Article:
Saturday, May 23, 2009
In the Beginning, there was Confusion, Personal Misdirection, and a General Lack of Preparedness
I turned and headed into the Heath, my feet following a thin dirt trail until the path exploded into a field of knee high Queen Ann's Lace and long lush green grasses, blowing softly in the breeze. It nearly took my breath away. But my fear of the unknown was palpable. Where did the path lead? And if I got this lost attempting to follow simple directions, how on earth would I find my way back through an 800-acre park? Some of the trails of the Heath, I imagined, followed horse paths from hundreds of years ago, when anyone traveling to London did so on horseback. So they would, eventually, lead out and through -- but through to where? I only knew that one, small section of town nearest to Becky and Tony's house. Finding their street again from some far fangeled direction would prove nearly impossible. And yet, how could I not explore, now that I was here?
Breathing in the sweet smell, I found my way to a wooden bench under the shade of some tall trees, right at the edge of the field. Above me the leaves were dappled with sunlight, and I realized, in that moment, that it was 1:15 in the afternoon and I was finally in England. From my perch on the bench I could still see the path that led to the road, but I could at least sit here for a bit and write in my journal, without feeling like a complete and utter chicken. I dug out my pen and the small notebook my friend Laura had so artfully made for me, and began to write. I hadn't been writing more than a few minutes when I heard a snuffling sound coming up the path toward me, and turned to find a floppy eared black and white speckled spaniel bounding toward me.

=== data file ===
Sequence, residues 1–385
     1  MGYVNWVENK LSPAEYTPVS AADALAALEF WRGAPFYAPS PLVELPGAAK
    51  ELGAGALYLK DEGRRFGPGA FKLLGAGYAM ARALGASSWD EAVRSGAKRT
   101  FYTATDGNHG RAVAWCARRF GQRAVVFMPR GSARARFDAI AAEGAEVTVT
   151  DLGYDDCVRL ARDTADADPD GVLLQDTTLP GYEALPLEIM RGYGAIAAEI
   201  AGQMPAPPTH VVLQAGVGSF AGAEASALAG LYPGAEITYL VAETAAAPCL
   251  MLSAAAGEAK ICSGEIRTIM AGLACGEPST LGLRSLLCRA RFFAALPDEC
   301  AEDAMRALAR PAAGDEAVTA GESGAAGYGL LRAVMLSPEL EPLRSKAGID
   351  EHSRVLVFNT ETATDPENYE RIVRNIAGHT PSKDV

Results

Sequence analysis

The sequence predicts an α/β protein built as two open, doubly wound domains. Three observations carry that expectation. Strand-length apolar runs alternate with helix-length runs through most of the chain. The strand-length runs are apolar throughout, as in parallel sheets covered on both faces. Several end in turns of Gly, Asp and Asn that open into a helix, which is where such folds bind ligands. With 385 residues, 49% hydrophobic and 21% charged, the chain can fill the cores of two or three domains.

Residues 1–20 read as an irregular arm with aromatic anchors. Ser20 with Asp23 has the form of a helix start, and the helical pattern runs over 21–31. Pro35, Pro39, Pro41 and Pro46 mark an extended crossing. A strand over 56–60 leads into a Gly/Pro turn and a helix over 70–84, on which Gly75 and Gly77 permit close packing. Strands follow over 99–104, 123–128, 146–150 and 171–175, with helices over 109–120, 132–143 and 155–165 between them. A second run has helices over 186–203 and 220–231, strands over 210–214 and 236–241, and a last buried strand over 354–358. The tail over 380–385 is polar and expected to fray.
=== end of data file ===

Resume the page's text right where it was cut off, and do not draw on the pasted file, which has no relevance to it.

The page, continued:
"Hi Puppy!" I crooned, massaging his velvety face in my hands. This dog belonged on calendars, it was so cute. I smiled at the woman following him.
"I love your dog," I murmured, as he jumped onto the bench next to me and proceeded to crawl into my lap.
"Oh, Harry, no!" The woman laughed.
"It's okay, I don't mind." I reassured her. She looked to be in her late 40's with dark brown hair and surprisingly warm brown eyes. "Could I ask you," I ventured, "How to get to the street in Hampstead, the one with all the shops?"
She looked at me, surprised. "Oh, you're American!"
"Yes," I said, slightly embarrassed.
"How wonderful!" She exclaimed, setting me immediately at ease. As we began to talk, she not only gave me directions, she told me about all the many points of interest that were within walking distance, including a stunning view over all of London that could be seen from just across the road. "Actually," she said, glancing at her cell phone, "I've got a few minutes. Would you like me to take you over there and show you?"
"Uh, yes! That would be incredible, thank you!" It was bound to be a little awkward, but I knew I was lucking out big time. As we made our way to the traffic circle, she turned to me. "I'm Alison, by the way." she said, giving me a wave.
"I'm Signe." We went through my usual spelling... no, it's actually S-I-G-N-E. Mmmhmmmm. It's Scandanavian.... yes, like Sidney but with a "g."